Running an R Script From a Ruby on Rails App

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Have you ever thought about using R (the programming language) to run some analyses using data from a Ruby on Rails application? This tutorial will provide step-by-step walkthrough on how to connect a simple Rails app to R.

I recently needed to run some complicated statistical analyses on data generated by a Rails application. This analysis was important for my client’s product – they had even hired a Ph.D mathematician to provide guidance! Our mathematician recommended we use a particular model to analyze our data. While she was familiar with using a desktop-software version of this model, I needed a open-source, programmable solution. Luckily, we found an R package! But how could I use an R package in a Rails app? I did my best googling and stackoverflow-ing for a solution, but everything I could find was about 4 years old. Not going to cut it. Finally, I sat down and spent some time figuring it out. And now I’m sharing it with you!


This tutorial assumes you have a basic understanding of Rails. I’m not going to assume you know much (or anything, really!) about R, so we’ll cover some basic commands you’ll need as we go. I’m also assuming you’re developing on a Mac. If you develop in a different environment, you might hit some speedbumps along the way. If so, try looking for documentation specific to your situation!

What We’ll Cover in This Tutorial

In this tutorial, we’ll use a very simple Rails app to create a rake task that runs a script in R. Because it’s a bit unusual, we’ll first walkthrough how to run an external ruby script from a Rails app. We’ll then translate that knowledge to running a script in R! The final step is to use a package for R to do some more complicated analyses.

Don’t care to type along, but want to see the final product? Check out the Test-R GitHub repo

Pre-learning Setup

Before we can start our learning, we need a basic rails app to play with. The guts of our app will really be to run a rake task, and we’ll make a simple view that runs our script just for giggles. To make your rails app, run

rails new testing-r-app

Calling to a Ruby Script from a Rake Task

I’m a fan of breaking things down into tiny, solvable pieces. Let’s start with a simple rake task that first talks to something we’re familiar with: ruby! In /lib/tasks make a new file called script_runner.rake. Inside, create a simple rake task:

desc "Runs an external ruby script"
task :run_ruby => :environment do
    puts "running ruby!"

In /lib, lets make a new folder to organize our fancy external scripts… I’ll call mine external_scripts. Inside of /lib/external_scripts, make a new file called ruby_script.rb. This will be the ruby code that we’ll run from our rake task. What will our ruby script do? Well, I’m not feeling that creative yet, so let’s start with it having this content:

puts "%%%%%\nhello im a script\n%%%%%"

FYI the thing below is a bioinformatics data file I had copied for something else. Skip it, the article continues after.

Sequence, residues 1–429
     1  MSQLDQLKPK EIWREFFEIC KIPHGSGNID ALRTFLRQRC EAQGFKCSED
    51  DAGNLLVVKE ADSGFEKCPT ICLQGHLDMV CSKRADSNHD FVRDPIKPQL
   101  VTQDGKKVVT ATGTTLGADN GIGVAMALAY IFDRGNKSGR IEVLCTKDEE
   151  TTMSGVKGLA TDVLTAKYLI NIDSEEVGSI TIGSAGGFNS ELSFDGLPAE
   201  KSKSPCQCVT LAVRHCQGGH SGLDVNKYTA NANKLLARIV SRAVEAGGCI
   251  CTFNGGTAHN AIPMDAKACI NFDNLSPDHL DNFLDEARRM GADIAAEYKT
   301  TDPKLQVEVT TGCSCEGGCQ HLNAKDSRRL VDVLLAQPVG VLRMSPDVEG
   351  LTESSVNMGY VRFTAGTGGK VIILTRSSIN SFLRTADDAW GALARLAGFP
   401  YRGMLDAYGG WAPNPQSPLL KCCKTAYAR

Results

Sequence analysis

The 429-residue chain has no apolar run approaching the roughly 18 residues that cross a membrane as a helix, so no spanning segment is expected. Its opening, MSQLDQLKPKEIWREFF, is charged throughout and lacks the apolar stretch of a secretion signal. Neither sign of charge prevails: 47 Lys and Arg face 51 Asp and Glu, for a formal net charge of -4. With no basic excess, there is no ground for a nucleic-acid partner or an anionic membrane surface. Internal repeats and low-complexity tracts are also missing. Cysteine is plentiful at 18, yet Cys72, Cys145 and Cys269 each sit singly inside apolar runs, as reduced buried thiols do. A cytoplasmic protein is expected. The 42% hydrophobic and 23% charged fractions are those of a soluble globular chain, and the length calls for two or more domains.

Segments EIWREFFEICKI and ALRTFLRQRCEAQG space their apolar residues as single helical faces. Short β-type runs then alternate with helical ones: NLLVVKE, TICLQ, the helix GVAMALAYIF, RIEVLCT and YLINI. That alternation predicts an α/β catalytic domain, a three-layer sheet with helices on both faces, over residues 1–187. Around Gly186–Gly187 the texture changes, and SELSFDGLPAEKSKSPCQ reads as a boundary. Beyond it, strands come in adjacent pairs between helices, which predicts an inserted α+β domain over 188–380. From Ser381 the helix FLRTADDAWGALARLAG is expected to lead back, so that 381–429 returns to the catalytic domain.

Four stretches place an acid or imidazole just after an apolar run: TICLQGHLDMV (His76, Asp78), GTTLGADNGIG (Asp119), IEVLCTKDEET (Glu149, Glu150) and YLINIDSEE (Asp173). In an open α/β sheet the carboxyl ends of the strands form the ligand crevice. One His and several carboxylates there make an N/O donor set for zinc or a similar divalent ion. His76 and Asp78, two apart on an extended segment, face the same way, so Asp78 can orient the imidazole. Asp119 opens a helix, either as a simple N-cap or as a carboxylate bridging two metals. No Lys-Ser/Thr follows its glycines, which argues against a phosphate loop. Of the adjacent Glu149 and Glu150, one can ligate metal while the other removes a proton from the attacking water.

Boooorrrring, I know, but let’s get it working! Back in your rake task, run_ruby, we need to do a few things:

  1. Specify where to find our new script.
  2. Run that script.
  3. Do something so that we know the script ran successfully.

We can accomplish these things by adding the following code to the run_ruby rake task:

filepath = Rails.root.join('lib', 'external_scripts', 'script.rb')
output = `ruby #{filepath}`
puts output

In the first line, we specify our file location. Simple enough. The second line is where it gets interesting. We call ruby #{filepath}. You can imagine that if you were typing into your terminal, this is exactly what you would type to run a ruby file. But in this case, we wrap it in “backticks”. These backticks tell ruby to execute something (there are a few other ways to make this same thing happen, too). Finally, the last line of our rake task takes the results of running our script and prints them to the commandline. Boom! We did it!

A quick note: Obviously, you probably don’t want to print things to a terminal from a Rails app. This was just a quick way to explain how to interact with an external ruby script.

Writing an R Script

Now that we’ve got our ruby script rake task all wired up and working, let’s start working towards our goal of running an R script via our Rails app. Again, we’ll take this step by step and make sure we have all of the pieces in place.

Install R locally

Before you can run R, you need to install it! I used homebrew to install it quickly:

brew tap homebrew/science
brew install r

Once the install finishes, let’s test it to make sure it works. To open the R CLI, just type R in your terminal. It should load an R workspace where you can play around if you like. If that’s all good to go, let’s go back to our Rails app.

“Hello World”

Make your new R file. Create a new file named hello_world.R inside of your /lib/external_scripts folder. Inside that file, you want to put the following code: